HEARD hosted a webinar on gender dynamics in health interventions presented by Dr Elizabeth Wamera, a WASH specialist at UNICEF West and Central African region. The webinar was part of the ongoing series designed to offer PhD students an opportunity to engage critically in public health-related topics and debates that range beyond their specialist research subjects.

Health development initiatives are planned to reach the masses to improve general health and wellbeing. However, “what is considered masses, communities, citizens, societies or patients are intricately stratified due to the gender dynamics that affect the quality of the process, outcomes and impacts of the health development intervention,” said Dr Wamera. She further cautioned the audience about thinking of gender as synonymous to women. She pointed out that when gender is linked to women, it can lead to “inadequate attention on how gender interacts with other dimensions of social stratification”. Advising HEARD’s PhD students, Dr Wamera said that for a comprehensive and precise explanation of gender in health statuses, they needed to consider employing gender-related concepts, models or theories in their respective research topics.

The Covid-19 pandemic has exposed inequalities that exist in low-income countries and brought to light the gender inequalities due to gendered interventions—something quite explicit in Bangladesh. This is where Dr Wamera shared her in-depth knowledge of a public health intervention that left women behind. She described particularly the screening of Covid-19 in Bangladesh. Describing the context, Dr Wamera described how the methods used for the screening process—collecting data using mobile phones to trace cases—failed to take account of the fact that in Bangladesh, men were the phone owners and head of households. As a result, screeners interviewed more men than women because from the onset of the intervention screeners were told to speak to the head of households. As such, women statistically reported fewer Covid-19 cases compared to men. Here, Dr Wamera further cautioned against making statistical presentations of data in the absence of context, particularly gender contexts.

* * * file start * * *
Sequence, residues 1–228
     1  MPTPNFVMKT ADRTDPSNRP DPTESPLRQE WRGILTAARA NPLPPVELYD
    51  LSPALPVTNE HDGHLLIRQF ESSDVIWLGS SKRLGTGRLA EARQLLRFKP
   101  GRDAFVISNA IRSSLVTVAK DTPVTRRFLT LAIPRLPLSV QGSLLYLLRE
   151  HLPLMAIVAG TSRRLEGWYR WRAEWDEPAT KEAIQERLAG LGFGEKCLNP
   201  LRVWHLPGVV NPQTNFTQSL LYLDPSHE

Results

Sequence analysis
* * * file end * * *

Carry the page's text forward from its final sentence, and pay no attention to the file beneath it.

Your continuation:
One of the most effective ways of ensuring no one is left behind in health interventions is to appreciate the various gender dynamics that exist in every facet of the various health interventions being promoted, said Dr Wamera.

Dr Wamera emphasised to the PhD students that as they focus on conceiving approaches to problems within the area of public health, they must first establish the origins of the problem and affect progressive social change. When Dr Wamera was asked how those new to the field could engage the communities to push for social change, Dr Wamera advised that it was important to first take on research with sensitivity and vigilance to gain trust from the community. She also emphasised the importance of understanding that when the researcher visits the community, the researcher is not the authority on change but instead has to engage communities in ways they can fully embrace and sustain.